The biggest thing that stands out to me is that you need to normalize the relationship here. You can find tons of stuff online about normalizing your database and ER diagrams. But to cut right to the code, it means pushing out the film titles to what you could consider a "lookup table". Then your wich table will just be all int codes. More difficult for humans to read, but much better for machines to process, and avoids a lot of data duplication and potential data anomalies.

CREATE TABLE wich (
  uid int,
  film_id int REFERENCES film(id),
  rate int,
  PRIMARY KEY (uid, film_id)
);

CREATE TABLE film (  
  id int PRIMARY KEY,
  title varchar(50)
);

To get the film's title to show up in your queries, you'll just want to JOIN the film table to get the title.

On performance

Your database will probably slow down as you data size grows UNLESS you add some indexes. The indexes to make depend largely on your queries that you will run against the database. A good place to start is to create indexes on:

  • columns that you are using as part of a JOIN condition
  • columns that you reference in your WHERE clauses
  • As I said the example is there to "simplify" the problem, of course the tables are normalized and there are a lot more tables in question here. Good hint for the indexes I already added a few, I will verify that point. – fluminis Jun 10 '14 at 4:15
  • 1
    Assumig the (obvious) key (uid,film) (which he should declare), this table is in 5NF. It has no normalization problems. – philipxy Jul 17 '14 at 11:10
  • @philipxy. Good point. OP can confirm/disconfirm whether the film title is part of the key. Anyhow, the original question was more about scalability & performance than NF. I should have better explained this: indexes are most important here, but the my other suggestion to push out the film titles to a reference table is intended to keep the PK index nodes small for speed: two int columns = 8 bytes; vs. an int + varchar(50) = 55 bytes. The result is 7x key cache density, so if the DB gets big enough to saturate the key cache, you'd see reduced physical I/O with the smaller PK => faster queries. – Joshua Huber Jul 17 '14 at 13:05
  • 1. The sample data means the only possible keys are (uid,film) or (uid,film,rate). We can expect there to be only one rating per user & film, ie the former to be key. 2. Regardless of what is good for optimization, normalization is not involved & the only part of your first section that is relevant is string "duplication" [ie bytes per value] and "anomalies" [ie misspellings], with neither word being used in a normalization sense. – philipxy Jul 17 '14 at 21:01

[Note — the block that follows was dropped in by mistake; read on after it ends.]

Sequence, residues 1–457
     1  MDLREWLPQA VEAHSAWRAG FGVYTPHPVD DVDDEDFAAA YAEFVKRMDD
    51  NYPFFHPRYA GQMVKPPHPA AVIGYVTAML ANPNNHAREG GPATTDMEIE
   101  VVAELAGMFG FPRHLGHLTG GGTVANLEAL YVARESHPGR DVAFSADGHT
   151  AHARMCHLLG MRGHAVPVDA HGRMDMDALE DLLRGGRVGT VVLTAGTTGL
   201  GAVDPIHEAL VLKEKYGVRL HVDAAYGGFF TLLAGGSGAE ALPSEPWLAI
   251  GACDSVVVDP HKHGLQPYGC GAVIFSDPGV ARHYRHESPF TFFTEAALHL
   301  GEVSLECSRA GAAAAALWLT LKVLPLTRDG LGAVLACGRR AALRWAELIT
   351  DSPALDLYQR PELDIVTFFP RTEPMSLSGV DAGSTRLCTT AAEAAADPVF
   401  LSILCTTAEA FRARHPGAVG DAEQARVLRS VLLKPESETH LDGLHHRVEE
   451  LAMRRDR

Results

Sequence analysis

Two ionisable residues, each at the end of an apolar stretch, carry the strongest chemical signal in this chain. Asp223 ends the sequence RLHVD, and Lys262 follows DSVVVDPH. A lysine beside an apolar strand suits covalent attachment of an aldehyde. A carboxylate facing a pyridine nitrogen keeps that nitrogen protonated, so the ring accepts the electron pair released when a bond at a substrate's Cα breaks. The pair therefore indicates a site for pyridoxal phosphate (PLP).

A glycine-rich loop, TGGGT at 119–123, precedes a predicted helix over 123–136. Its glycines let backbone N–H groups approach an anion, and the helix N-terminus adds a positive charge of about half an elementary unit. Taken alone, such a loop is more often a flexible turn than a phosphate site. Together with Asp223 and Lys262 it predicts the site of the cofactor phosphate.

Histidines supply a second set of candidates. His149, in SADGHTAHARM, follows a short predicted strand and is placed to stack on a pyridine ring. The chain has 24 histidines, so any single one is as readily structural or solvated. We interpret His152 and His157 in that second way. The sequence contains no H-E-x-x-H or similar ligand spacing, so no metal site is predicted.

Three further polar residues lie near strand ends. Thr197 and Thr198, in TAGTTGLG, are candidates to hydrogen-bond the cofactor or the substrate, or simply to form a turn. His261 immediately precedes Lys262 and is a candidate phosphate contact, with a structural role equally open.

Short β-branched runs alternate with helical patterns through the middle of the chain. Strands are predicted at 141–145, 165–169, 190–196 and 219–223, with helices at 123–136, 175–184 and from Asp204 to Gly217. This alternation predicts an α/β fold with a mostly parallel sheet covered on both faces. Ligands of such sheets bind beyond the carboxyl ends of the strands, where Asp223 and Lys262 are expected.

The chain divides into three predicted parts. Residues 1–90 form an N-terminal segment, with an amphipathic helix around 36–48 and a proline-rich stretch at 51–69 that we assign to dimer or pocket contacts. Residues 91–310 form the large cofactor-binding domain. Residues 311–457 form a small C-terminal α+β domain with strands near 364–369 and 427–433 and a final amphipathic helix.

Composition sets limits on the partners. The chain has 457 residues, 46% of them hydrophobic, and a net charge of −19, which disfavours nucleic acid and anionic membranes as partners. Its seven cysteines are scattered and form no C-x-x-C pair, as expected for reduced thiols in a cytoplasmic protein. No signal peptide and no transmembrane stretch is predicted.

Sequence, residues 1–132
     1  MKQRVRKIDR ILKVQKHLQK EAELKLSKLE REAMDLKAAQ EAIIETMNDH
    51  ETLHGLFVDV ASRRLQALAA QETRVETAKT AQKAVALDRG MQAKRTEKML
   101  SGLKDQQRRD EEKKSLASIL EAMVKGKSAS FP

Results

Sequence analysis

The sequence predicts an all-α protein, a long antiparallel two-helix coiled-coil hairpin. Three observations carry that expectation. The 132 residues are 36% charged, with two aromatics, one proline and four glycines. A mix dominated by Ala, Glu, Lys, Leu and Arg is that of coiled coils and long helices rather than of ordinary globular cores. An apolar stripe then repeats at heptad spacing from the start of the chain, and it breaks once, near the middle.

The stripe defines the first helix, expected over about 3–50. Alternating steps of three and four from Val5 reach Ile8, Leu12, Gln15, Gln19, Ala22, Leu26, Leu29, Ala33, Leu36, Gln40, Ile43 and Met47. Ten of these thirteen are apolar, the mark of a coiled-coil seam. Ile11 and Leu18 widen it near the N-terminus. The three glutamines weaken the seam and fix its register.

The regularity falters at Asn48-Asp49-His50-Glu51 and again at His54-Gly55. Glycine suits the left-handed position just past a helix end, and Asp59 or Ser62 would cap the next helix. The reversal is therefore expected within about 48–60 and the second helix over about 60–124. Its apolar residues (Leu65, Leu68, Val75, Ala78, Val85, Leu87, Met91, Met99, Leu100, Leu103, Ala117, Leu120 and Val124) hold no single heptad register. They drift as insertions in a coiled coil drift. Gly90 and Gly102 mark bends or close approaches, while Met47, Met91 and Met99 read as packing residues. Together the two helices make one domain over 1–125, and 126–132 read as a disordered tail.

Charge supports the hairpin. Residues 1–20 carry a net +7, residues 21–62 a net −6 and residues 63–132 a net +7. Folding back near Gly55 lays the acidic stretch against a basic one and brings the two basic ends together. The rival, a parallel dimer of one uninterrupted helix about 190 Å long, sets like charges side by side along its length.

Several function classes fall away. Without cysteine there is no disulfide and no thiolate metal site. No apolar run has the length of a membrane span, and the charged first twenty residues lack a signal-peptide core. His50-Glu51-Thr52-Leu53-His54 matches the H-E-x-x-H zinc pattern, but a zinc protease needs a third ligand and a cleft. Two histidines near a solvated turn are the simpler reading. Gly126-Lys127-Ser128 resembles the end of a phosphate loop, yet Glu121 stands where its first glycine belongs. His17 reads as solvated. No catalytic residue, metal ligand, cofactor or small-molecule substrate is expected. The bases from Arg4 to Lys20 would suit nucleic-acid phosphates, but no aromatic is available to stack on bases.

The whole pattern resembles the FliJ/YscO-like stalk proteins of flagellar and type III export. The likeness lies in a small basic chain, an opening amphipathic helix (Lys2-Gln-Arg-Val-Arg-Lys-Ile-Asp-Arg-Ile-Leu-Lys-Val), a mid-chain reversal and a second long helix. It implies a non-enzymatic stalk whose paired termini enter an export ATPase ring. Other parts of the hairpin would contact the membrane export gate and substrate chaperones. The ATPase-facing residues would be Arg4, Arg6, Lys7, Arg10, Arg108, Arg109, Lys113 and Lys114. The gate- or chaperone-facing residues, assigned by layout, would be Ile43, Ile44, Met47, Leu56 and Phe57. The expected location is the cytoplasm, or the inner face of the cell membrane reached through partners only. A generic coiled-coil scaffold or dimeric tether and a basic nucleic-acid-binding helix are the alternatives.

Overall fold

• Academically, yes, the table is Normalized under all NF flavors. However in the workplace, it wouldn't be uncommon to hear a developer ask "how far should I normalize this?" If we want to be grammatical, we would say that this use of the term normalize is incorrect, and should more accurately be phrased as "to what extent does one implement lookup tables" (been beaten up pretty well here: dba.stackexchange.com/q/9011/38772). Anyhow @philipxy, your comments have been stimulating and made me think about 3NF, BCNF, 5NF, DNF, etc. as I haven't since grad school. – Joshua Huber Jul 17 '14 at 21:24
-1

I'll advice that you create another table to store the films first, although not necessary, so the film field would only contain integers in case you might one to restrict users from creating same movies multiple times with different spacing or case etcetera , then you need to take your time to understand the problem well.

SELECT b.uid AS pple_wit_cmon_intrest, b.film AS film, b.rate AS rate 
FROM `wich` AS a 
LEFT JOIN wich AS b on b.film = a.film  
WHERE a.uid = 1 #the id you are trying to find people with common interest with
ORDER BY film ASC;#order the films alphabetically in asc order
  • This would fetch every one with the same taste as user 1 including yourself, however if you wish not to include user 1 in your results, you'll need to tweak the join condition – Toniton Jul 29 '14 at 9:45
  • @ypercube, ion get, what did i miss out or get wrong? Please advise. – Toniton Jul 29 '14 at 10:18
  • I don't know, I just edited your formatting. – ypercubeᵀᴹ Jul 29 '14 at 10:34
  • I guess the downvote is because the question is about the ratings and how to find others with similar "tastes" (so similar ratings about same movies) and your query does not touch that. – ypercubeᵀᴹ Jul 29 '14 at 15:34